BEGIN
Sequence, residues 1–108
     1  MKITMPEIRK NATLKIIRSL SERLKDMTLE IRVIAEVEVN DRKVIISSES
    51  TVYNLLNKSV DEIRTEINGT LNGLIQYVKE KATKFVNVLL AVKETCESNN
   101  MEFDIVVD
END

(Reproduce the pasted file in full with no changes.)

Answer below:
Sequence, residues 1–108
     1  MKITMPEIRK NATLKIIRSL SERLKDMTLE IRVIAEVEVN DRKVIISSES
    51  TVYNLLNKSV DEIRTEINGT LNGLIQYVKE KATKFVNVLL AVKETCESNN
   101  MEFDIVVD